Note that, to collect mail from Exchange Online Archives, and Public and Shared folders, you must use an Outlook profile.
Collect emails from all webmail service providers that support the IMAP protocol. These include Microsoft 365 (formerly Outlook 365), Gmail, Yahoo! Mail, AOL, etc. Aid4Mail can also access Gmail accounts through the Google APIs. Fast native pre-acquisition filtering is available for all these accounts.
Aid4Mail supports the OAuth2 login protocol, enabling secure access to your (or your custodian’s) webmail account.
Collecting email from your custodians’ cloud-based accounts is made easier with Aid4Mail Remote Authenticator—a free stand-alone utility that they can download and run without installation. It enables the account owner to grant Aid4Mail secure, temporary access to their email service, or IMAP account, without providing full login credentials, and without having a copy of Aid4Mail.
Aid4Mail can extract mail from the following archival formats:
Note that you’ll need the Enterprise edition of Aid4Mail to process Google Vault, Mimecast, and Proofpoint exports.
Aid4Mail Investigator integrates a powerful file carving tool that can extract whole or partial emails stored in MIME format, from any uncompressed file type. It can also carve emails from uncompressed disk images or forensically extracted disk space. This includes double-deleted files, slack space, and unallocated space.
Processing errors typically relate to:
This is where incremental processing (differential acquisition) comes to the rescue. Aid4Mail identifies the emails that have been added since (or missed during) the last cycle and processes only them. In other words, it lets you pick up where you left off; no need to start all over again.
Aid4Mail offers incremental processing for all supported email formats and performs it natively, server-side, when collecting from cloud services like Microsoft 365, Gmail, and Yahoo! Mail.
This ability is usually missing in other tools. It is a significant time-saver because Aid4Mail can determine whether it has already processed an email before downloading it. As a result, resuming an aborted acquisition is very fast and reduces the risk of reaching those dreaded service bandwidth limits.
Aid4Mail is highly optimized for speed without sacrificing reliability or accuracy. When processing local mailbox files, it can parse, collect, and convert emails up to 10 times faster than competing email forensics tools—a considerable time-saving!
We conducted speed tests using a standard ASUS laptop (2022 model with an AMD Ryzen 9 5900HX processor and an internal SSD drive). Our tests included converting the publicly available John Podesta email collection, a 5 GB file containing 50,887 emails.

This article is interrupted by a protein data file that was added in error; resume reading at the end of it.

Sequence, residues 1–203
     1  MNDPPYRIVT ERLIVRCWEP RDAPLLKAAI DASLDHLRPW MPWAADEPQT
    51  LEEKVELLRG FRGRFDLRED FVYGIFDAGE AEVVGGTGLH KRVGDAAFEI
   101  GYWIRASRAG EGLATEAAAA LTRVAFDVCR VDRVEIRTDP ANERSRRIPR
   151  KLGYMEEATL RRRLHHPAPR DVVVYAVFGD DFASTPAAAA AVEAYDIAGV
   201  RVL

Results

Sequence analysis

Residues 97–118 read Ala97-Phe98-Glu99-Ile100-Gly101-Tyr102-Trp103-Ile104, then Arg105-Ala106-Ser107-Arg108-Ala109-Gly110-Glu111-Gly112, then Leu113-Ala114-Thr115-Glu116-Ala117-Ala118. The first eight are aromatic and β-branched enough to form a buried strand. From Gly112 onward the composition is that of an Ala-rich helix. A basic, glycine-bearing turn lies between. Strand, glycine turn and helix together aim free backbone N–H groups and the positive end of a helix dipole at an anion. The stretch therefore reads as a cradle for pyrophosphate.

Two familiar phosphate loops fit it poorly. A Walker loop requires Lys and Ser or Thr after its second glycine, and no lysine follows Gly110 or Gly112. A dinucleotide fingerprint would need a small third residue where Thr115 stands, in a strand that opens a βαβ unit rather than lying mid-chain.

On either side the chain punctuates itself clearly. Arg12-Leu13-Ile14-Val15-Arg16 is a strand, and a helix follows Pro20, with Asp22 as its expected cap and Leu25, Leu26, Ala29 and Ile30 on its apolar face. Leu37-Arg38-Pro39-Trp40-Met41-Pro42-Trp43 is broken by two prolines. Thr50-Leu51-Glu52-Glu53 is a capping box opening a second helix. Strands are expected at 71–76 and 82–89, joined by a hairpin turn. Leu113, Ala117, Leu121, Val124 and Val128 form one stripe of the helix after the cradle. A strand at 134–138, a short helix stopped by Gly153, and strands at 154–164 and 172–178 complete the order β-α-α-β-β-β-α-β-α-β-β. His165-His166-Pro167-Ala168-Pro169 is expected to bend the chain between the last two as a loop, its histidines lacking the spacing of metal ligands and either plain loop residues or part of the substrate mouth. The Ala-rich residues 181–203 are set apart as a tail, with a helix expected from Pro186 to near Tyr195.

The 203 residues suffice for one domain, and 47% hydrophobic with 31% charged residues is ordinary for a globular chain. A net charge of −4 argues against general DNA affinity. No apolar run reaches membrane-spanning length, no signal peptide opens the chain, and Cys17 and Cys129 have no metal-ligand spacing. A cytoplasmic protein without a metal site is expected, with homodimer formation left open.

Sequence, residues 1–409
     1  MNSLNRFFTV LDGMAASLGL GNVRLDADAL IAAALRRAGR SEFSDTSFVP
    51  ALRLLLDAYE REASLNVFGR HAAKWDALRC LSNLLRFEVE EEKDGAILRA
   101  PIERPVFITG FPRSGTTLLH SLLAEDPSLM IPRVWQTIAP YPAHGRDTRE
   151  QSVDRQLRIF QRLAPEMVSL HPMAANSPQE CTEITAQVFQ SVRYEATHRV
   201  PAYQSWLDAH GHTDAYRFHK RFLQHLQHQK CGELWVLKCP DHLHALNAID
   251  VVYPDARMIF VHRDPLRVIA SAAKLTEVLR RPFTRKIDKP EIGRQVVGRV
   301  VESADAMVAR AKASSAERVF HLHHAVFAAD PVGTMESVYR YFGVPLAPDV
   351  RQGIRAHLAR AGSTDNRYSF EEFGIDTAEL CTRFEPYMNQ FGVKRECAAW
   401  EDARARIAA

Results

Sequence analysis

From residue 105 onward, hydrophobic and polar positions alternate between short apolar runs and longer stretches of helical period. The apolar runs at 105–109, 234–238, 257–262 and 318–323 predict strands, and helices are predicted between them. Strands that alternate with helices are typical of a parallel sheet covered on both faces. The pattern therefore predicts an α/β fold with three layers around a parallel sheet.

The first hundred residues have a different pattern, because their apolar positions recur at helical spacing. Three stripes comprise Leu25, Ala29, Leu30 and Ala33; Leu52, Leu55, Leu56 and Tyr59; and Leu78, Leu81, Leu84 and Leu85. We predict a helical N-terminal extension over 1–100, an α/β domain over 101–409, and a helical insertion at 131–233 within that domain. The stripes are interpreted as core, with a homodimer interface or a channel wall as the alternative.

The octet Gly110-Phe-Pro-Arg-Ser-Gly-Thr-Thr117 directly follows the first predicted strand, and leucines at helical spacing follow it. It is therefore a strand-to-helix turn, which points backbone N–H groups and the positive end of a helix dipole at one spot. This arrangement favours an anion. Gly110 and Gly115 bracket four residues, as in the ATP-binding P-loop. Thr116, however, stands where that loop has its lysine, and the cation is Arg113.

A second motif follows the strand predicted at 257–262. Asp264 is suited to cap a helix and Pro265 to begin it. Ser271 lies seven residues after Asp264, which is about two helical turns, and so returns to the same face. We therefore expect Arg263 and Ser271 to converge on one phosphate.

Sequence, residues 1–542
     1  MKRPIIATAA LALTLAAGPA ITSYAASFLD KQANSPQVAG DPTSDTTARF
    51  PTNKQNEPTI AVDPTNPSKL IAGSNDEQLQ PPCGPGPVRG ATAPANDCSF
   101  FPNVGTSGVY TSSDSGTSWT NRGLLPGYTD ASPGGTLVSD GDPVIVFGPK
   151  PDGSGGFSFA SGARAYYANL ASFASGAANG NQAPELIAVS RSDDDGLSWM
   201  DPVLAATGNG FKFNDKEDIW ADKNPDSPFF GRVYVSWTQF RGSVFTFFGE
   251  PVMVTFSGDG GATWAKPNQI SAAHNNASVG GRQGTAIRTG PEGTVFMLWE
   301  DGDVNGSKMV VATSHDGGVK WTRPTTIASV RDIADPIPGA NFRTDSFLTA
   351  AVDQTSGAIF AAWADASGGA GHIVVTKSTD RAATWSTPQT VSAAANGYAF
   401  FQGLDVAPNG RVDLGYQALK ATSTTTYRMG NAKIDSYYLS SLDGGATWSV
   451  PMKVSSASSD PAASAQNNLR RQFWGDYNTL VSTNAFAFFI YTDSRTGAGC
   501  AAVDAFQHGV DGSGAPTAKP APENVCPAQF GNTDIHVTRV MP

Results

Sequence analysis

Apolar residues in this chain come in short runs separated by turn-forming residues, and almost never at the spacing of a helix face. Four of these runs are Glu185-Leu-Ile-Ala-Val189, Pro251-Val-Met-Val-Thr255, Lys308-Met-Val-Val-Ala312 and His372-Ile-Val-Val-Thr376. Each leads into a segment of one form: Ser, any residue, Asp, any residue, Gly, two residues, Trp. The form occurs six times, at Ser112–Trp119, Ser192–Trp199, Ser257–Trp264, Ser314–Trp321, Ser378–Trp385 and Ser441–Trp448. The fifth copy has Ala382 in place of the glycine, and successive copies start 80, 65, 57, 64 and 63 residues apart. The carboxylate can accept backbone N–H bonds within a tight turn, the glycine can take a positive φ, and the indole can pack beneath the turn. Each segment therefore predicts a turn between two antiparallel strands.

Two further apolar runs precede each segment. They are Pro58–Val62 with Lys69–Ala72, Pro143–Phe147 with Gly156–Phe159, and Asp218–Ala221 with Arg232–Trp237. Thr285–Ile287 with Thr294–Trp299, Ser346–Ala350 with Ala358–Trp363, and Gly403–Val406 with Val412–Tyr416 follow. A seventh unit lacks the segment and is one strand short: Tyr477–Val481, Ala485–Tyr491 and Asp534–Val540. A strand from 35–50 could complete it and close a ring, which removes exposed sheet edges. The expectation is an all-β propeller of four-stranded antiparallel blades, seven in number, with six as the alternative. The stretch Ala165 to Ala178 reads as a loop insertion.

In our first test, Aid4Mail converted the Podesta emails from mbox to Outlook PST in 2 minutes and 59 seconds. That’s a rate of 284 emails per second!
In our second test, Aid4Mail converted the same data from PST to mbox in 8 minutes and 10 seconds, a rate of 103 emails per second. The slower performance in this second test is due to additional processing to preserve metadata and improve conversion accuracy. Despite this, Aid4Mail still performed faster than competing tools. With a high-end computer, you can expect even better results.
Note that you can download the Podesta mbox file from the internet for free. Use it to test your current digital forensics tool and compare its performance with Aid4Mail. We’d be happy to provide you with a download link if you can’t find it. Just contact us with your request.
Aid4Mail is optimized for cloud-based email accounts, offering two time-saving features often missing in other tools. Both involve native, server-side processing of emails and are covered in the following sections:
With these capabilities, Aid4Mail can collect emails up to 100 times faster than tools without them.
With Aid4Mail Investigator and Aid4Mail Enterprise, you can run multiple processing tasks simultaneously, taking full advantage of your computer’s hardware and saving more time. Consider a scenario where you need to collect email accounts from several employees under investigation, or one where you need to gather multiple source formats from a single custodian.
For example, you might need to collect data from a custodian’s Microsoft 365 account, Gmail account, local Thunderbird files, and archived EML files, and combine them into the same batch of target PST files. With Aid4Mail, you can set up the project in advance and let it run overnight so that no time is wasted.